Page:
The California State Legislature has declared the need to protect incarcerated persons and their loved ones “from the predatory practices of private companies providing goods and services to those confined in county jails.” To that end, the legislature passed SB555, which would have ensured that the rates charged for telephone communications did not exceed $0.05 per minute. The bill would also ensure that the prices of Commissary items do not exceed a 10% markup above the costs paid to the vendor. This would reduce the price of calls and commissary costs by five times.

Governor Newsom vetoed SB555, fearing it would require “service contracts to be negotiated and awarded to the lowest cost provider.” The governor’s statement reads: “I cannot support this bill in its current form. I fear this will have the unintended consequence of cutting back on important rehabilitation and education programs for people in custody.

While we’re concerned that these “inmate welfare” programs will disappear if inmates are charged below or market price for everyday consumer goods, remember that the IWF represents a tiny fraction of the department’s revenue. The sheriff charges about $400,000 per deputy in his annual contracts with 42 cities, and has been found to understate the revenue generated from the contracts and overstate the crime reduction benefits.

When it comes to rehabilitation programs in prisons, there is little understanding of what IWF programs are to begin with – let alone how effective they are. The LASD appoints a seven-person committee on the Inmate Welfare Fund to identify and approve areas of program spending. In 2019, the inspector general reported that even this LASD-appointed commission was not receiving enough information from the sheriff to make informed decisions.

How does the Inmate Welfare Fund support “significant rehabilitation and education programs” for those in custody?

Educational programming was suspended in 2020 during the pandemic, just at the time of Governor Newsom’s veto. The following April, the Auditor-Comptroller reported that the LASD-operated IWF lacked key performance indicators to track and evaluate program expenditures.

The following month, the LA County Board of Supervisors (BOS) passed a motion to reduce or eliminate fees paid by inmates, citing New York and San Francisco’s adoption of free telephone communications. The BOS motion called for the development of recommendations to provide free or paid goods and services and a detailed statement of IWF expenditures.

At the time of the May 2021 BOS request, there were already a dozen such analyzes available online indicating that since 2006, LASD has failed to comply with recommendations to improve record keeping or to cease improperly transferring inmate welfare funds to its regular operating budget.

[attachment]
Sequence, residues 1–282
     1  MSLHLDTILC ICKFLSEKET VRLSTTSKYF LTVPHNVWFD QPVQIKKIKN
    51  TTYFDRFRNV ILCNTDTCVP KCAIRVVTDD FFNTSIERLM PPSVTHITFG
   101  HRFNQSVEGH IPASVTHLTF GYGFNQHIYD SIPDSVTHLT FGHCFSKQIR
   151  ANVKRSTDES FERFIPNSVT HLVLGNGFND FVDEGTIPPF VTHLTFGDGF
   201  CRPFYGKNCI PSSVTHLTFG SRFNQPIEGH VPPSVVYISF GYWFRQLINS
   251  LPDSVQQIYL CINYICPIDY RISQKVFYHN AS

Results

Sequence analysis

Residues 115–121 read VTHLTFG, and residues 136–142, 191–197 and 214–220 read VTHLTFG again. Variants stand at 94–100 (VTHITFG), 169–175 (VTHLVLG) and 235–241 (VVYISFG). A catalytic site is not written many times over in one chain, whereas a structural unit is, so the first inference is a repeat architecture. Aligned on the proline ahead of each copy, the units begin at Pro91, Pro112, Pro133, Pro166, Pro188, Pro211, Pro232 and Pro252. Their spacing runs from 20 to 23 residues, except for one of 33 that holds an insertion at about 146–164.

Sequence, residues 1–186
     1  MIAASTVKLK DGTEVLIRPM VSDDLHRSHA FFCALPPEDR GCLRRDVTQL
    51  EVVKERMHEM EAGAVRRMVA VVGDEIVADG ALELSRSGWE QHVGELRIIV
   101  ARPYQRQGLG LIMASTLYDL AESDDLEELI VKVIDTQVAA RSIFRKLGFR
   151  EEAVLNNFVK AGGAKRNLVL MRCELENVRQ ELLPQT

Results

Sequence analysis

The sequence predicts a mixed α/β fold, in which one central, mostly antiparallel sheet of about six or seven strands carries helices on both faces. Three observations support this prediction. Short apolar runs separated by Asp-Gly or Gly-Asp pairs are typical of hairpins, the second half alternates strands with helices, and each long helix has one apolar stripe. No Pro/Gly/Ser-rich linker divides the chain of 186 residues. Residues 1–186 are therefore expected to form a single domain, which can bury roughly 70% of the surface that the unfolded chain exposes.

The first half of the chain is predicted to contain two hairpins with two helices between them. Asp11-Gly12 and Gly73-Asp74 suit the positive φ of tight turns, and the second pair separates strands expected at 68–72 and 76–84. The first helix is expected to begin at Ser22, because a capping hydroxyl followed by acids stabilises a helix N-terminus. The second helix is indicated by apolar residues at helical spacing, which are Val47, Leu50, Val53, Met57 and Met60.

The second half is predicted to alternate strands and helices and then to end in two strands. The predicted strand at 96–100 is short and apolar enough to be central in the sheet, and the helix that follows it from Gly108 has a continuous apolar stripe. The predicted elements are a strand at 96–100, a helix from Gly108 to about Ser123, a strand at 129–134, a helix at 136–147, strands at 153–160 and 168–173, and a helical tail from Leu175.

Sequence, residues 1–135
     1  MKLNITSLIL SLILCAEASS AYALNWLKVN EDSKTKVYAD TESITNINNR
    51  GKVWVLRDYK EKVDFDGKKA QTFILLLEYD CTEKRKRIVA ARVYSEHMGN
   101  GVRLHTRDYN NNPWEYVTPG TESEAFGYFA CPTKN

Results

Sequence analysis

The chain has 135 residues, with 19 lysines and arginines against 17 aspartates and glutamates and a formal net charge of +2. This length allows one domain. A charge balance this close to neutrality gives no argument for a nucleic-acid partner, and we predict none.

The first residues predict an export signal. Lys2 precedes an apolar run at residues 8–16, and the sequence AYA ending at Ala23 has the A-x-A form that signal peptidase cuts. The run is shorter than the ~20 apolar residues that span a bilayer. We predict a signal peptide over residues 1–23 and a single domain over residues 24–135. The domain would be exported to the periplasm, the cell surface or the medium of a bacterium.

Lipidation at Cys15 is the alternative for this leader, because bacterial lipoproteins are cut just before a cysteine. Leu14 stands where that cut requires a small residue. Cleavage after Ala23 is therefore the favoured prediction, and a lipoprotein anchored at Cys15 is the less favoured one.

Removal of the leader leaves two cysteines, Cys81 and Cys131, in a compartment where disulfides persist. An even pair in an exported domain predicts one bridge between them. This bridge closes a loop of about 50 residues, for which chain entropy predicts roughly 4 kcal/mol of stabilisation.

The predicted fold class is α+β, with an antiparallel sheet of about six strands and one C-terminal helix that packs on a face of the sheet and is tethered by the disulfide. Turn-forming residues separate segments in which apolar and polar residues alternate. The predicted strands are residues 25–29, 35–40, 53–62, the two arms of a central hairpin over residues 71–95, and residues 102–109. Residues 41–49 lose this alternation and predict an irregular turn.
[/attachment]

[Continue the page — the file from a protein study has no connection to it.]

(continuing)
A month before the motion, the Auditor General’s review of processes pointed out that the sheriff “could replace jail maintenance expenses with IWF revenue that should be funded through the normal sheriff’s budget process.” .

In the year since the motion was passed, two disturbing reports on IWF programmatic spending have been released. An October 2021 Auditor General’s report concluded that there is still no key performance indicators or evaluations of IWF programs, making it difficult to determine whether these programs are “wanted, needed, or effective.”

An April 2022 Auditor General’s report noted that the largest category of program spending went to what is known as “special departmental spending”. Programs categorized as “membership” went from approximately $500 to $338,076. This membership expense is described as funding an “inmate diary program”. No information is available on the initiative of the newspaper.

All of these discoveries are breathtaking. Neither the public nor the accountants repeatedly appointed to investigate what the sheriff is doing with tens of millions of dollars a year have any idea where the money really went.

Let’s summarize what we know. The LASD pays a for-profit company $2.51 for an 8 oz. bag of Flamin’ Hot Cheetos, which is already a markup. He then charges the poorest people in LA County $5.33 for an 8 oz. bag of Cheetos under the guise that it is for their own benefit. Then, he remains opaque about whether he is actually using the money to help anyone, as required by state law.

The sheriff cited “staff shortages and other priorities” as reasons for his lackluster commitment to creating performance appraisal processes or providing detailed reports on IWF expenses.

It is a common pattern. LASD recently decried staffing shortages despite hiring or promoting 1,900 new employees as part of the county’s “hiring freeze.” The county sheriff’s 2022-23 allocation exceeds that of public health and fire departments by more than $1 billion each. LASD said an increase in appropriations from $3.4 billion to $3.6 billion is evidence of “defunding.”

As budget season approaches and such claims grow louder, it’s important to remember Sheriff’s record-breaking profit margins from 8 oz. bags of Flamin’ Hot Cheetos. We’ve all had a few dollars eaten by an ATM, but the county loses $44.9 million every year. And LASD eats the profit.